The Job of Your Life with Karen Schaffer

Get out of your rut and find your passion

The Importance of Self-Trust

Posted by Karen on November 26, 2009

Consider this a follow-up to the “Spaciousness or Just Drifting” post 

#8 of that post said this: Ask Yourself – You Know the Truth Without This List Anyway: We have a deep knowing as human beings if we are doing something for the “right” or the “wrong” reasons – we just keep ourselves from knowing that truth by keeping ourselves busy and on the surface of our minds. If you have the courage to look inside deeply, you’ll know if you’re creating spaciousness or if you’re merely using the idea to keep you stuck.

What if  you really don’t know – like #8 suggests you really should – when you look inside yourself …because you don’t know if you know anything “true” about yourself anymore?

One of my readers emailed me that question. She pointed out that once you get into this career exploration thing – letting go with who you thought you were and what you thought you wanted and in the vacuum-like state of trying to discover what you DO want – you can often feel more lost and confused than you have in your entire life.

When you’re in that state, not only do you doubt yourself, you tend to also doubt yourself self-doubt and then second guess your second guess doubting. Head spins ensue. Lying on the floor in the fetal position begins to look like an appealing life choice.

My reader is right – and good to remind me – that the great unknown of searching for your passion can make you feel much more vulnerable when being told you should “know” whether or not something is true for you.

And that’s where Self-Trust comes in.

Self-Trust is the unsung, oft-missed and yet vital element of a transformative career search. What I’ve come to learn…though it’s really rather obvious when you think about it logically…is that if you don’t trust yourself, no matter what possibilities open themselves to you, you won’t take them – or often won’t even see them – because you don’t trust yourself enough to make the right choice.

I find this often happens particularly later in someone’s career, when they’ve been around the proverbial block enough times to have been “burned” by their decisions (even if they couldn’t have foreseen the consequences of the decision, such as a workplace environment going toxically sour). Even if there was no way of knowing the outcome, they begin to question and doubt their choices. They get stuck. “I don’t want to choose that direction if it’s only going to end up the same way”. There’s no way out of that one with certainty. No one knows how it will end up.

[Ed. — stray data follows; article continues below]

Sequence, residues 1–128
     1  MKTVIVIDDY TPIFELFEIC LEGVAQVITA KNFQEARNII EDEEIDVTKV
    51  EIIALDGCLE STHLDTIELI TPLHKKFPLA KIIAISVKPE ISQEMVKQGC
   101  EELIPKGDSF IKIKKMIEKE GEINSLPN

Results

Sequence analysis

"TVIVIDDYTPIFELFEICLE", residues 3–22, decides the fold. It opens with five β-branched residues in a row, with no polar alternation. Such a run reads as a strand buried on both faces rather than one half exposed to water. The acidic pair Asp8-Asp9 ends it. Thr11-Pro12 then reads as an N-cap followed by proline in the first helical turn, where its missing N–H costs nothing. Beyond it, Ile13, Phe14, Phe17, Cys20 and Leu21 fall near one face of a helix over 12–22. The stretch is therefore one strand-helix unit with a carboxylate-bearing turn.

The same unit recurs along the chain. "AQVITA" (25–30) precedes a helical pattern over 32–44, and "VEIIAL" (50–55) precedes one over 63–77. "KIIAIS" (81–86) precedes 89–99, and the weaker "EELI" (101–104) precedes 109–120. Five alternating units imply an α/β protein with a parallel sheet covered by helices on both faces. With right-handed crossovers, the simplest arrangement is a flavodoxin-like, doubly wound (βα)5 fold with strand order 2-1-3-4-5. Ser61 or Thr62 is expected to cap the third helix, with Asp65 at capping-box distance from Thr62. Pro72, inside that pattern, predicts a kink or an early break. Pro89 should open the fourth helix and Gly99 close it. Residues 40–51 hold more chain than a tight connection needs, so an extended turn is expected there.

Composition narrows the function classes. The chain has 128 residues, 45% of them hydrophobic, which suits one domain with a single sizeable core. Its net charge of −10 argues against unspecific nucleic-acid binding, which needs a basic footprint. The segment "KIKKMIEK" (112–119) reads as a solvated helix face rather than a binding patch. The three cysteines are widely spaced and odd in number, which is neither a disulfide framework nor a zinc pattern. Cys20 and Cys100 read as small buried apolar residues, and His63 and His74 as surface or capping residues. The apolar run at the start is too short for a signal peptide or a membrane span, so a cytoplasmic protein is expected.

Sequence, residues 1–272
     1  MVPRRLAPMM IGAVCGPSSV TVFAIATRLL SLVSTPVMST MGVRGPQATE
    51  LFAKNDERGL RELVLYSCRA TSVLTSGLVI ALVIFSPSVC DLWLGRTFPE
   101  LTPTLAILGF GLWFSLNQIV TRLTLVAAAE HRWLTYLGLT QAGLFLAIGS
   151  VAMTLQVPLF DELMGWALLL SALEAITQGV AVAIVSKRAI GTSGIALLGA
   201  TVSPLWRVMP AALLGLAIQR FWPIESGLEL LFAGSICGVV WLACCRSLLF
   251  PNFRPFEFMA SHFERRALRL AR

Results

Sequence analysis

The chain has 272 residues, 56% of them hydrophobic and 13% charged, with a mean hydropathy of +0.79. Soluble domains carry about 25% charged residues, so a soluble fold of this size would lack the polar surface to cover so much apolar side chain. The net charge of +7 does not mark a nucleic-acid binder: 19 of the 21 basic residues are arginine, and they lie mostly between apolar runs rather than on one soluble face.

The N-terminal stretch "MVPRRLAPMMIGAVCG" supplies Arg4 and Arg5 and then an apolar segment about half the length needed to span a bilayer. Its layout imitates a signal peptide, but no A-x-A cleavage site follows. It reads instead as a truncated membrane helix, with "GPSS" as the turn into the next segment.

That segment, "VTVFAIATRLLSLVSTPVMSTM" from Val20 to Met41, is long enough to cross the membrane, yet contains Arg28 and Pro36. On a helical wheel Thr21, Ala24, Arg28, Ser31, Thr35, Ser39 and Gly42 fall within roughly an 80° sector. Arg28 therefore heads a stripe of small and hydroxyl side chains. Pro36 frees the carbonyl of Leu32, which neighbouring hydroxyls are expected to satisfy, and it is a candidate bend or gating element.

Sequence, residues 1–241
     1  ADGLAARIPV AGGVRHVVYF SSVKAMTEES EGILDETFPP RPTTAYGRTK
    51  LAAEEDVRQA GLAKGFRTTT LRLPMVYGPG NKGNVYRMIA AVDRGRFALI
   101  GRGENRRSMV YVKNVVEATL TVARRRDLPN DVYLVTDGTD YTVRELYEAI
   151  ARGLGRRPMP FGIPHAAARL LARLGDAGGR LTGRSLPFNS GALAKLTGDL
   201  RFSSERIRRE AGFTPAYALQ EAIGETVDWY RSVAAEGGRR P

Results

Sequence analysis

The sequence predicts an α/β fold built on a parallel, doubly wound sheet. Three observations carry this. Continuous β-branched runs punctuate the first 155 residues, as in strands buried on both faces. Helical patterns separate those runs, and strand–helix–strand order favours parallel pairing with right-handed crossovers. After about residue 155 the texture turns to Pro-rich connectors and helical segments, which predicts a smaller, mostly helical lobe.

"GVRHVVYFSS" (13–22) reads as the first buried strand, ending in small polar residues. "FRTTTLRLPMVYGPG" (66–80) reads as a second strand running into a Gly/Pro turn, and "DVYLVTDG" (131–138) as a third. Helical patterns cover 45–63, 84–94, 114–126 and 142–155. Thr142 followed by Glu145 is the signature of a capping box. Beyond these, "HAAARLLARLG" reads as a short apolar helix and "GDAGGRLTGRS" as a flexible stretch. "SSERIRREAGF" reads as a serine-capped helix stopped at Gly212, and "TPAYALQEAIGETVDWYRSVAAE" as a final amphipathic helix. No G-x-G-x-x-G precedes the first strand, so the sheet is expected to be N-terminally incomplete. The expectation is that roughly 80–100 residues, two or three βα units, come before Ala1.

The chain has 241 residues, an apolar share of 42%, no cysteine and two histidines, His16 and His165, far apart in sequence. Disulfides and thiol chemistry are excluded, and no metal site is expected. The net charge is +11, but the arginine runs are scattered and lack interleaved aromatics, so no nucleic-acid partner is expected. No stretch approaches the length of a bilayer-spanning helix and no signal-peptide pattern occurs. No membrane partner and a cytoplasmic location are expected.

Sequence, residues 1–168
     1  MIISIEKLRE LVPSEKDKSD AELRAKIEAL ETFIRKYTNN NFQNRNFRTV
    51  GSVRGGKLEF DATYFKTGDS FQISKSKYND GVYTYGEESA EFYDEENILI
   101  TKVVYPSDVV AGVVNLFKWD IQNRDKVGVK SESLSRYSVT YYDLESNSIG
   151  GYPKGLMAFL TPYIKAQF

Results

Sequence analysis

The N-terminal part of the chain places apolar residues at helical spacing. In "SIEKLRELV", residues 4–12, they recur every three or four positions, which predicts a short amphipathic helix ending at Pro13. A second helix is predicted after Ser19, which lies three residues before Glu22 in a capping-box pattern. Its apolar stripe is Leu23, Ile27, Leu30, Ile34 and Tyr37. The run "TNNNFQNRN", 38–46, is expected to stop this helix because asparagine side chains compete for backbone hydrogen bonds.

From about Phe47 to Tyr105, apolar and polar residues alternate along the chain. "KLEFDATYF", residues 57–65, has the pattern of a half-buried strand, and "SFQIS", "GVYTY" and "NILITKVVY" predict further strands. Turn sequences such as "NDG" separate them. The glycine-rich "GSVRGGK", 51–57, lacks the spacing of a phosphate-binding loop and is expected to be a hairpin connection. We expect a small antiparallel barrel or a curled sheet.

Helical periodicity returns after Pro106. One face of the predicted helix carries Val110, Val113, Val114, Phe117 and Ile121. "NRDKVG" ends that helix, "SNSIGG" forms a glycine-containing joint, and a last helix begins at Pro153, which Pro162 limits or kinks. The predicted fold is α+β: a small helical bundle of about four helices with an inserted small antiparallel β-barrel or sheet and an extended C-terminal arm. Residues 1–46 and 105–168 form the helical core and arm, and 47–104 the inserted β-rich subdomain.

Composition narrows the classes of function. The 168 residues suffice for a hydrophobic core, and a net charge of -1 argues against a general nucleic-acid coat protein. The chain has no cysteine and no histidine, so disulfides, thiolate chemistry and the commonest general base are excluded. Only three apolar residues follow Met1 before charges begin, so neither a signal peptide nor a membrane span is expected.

Or, another version of the Self-Trust shake up: losing one’s certainty of life purpose that comes from knowing what you do. That can seriously mess you up. I knew a guy who loved his marketing job so much he’d named his cats Trix and Snap after the brands he worked on. But when he didn’t love the job anymore he got severely depressed…who was he if not a marketing guy? Trust goes out the window because you begin to wonder “Did I know myself at all? And if I don’t know myself, how do I know if my new ideas are the right ones?”

So we could actually say that self-doubt is an integral part of career exploration. And Self needs Trust in order to move forward.

When we step away from our moorings of an old job, we do so because it’s either too painful or boring or meaningless or unconnected with rising new internal values to stay. If we leave the known without knowing the what the future holds, and the fully formed “future” doesn’t immediately appear, it’s very easy to doubt yourself.

Self-trust is the part of you that trusts you – the inner Self of you, the real You, whatever you want to call it – implicitly to take care of yourself and your needs, to find your way, to make decisions and necessary changes to adjust to current realities, to meet your needs. Self-Trust plays a vital part of the process of finding your way to something new. Learning new levels of personal self-trust is one of the key foundations to a positive career transition.

Ironically it’s the hardest thing to practice in the middle of the unknown.

So I can understand why #8 is challenging. It assumes that you are in enough connection with yourself to listen deeply and trust the answer that you hear. It assumes you’ve been practicing self-trust, yet self-trust may not even yet be something that you’ve distinguished as necessary or even defined as a need.

And you will need it. Ultimately, after all the research and all the analyzing and all the information interviewing and career coaching is done, you will have to trust YOU to make the right decision. And to trust yourself that you can handle it if it’s not the right decision. Self-Trust is the necessary quality for moving confidently forward in your career.

So next post we’ll begin by defining Self-Trust, and giving you some questions to work with that will help you start to identify where it might currently exist in your life  (or not).


One Response to “The Importance of Self-Trust”

  1. […] by Karen on February 16, 2010 Last November I wrote a post on the importance of self trust (which begs the question: where does the time […]

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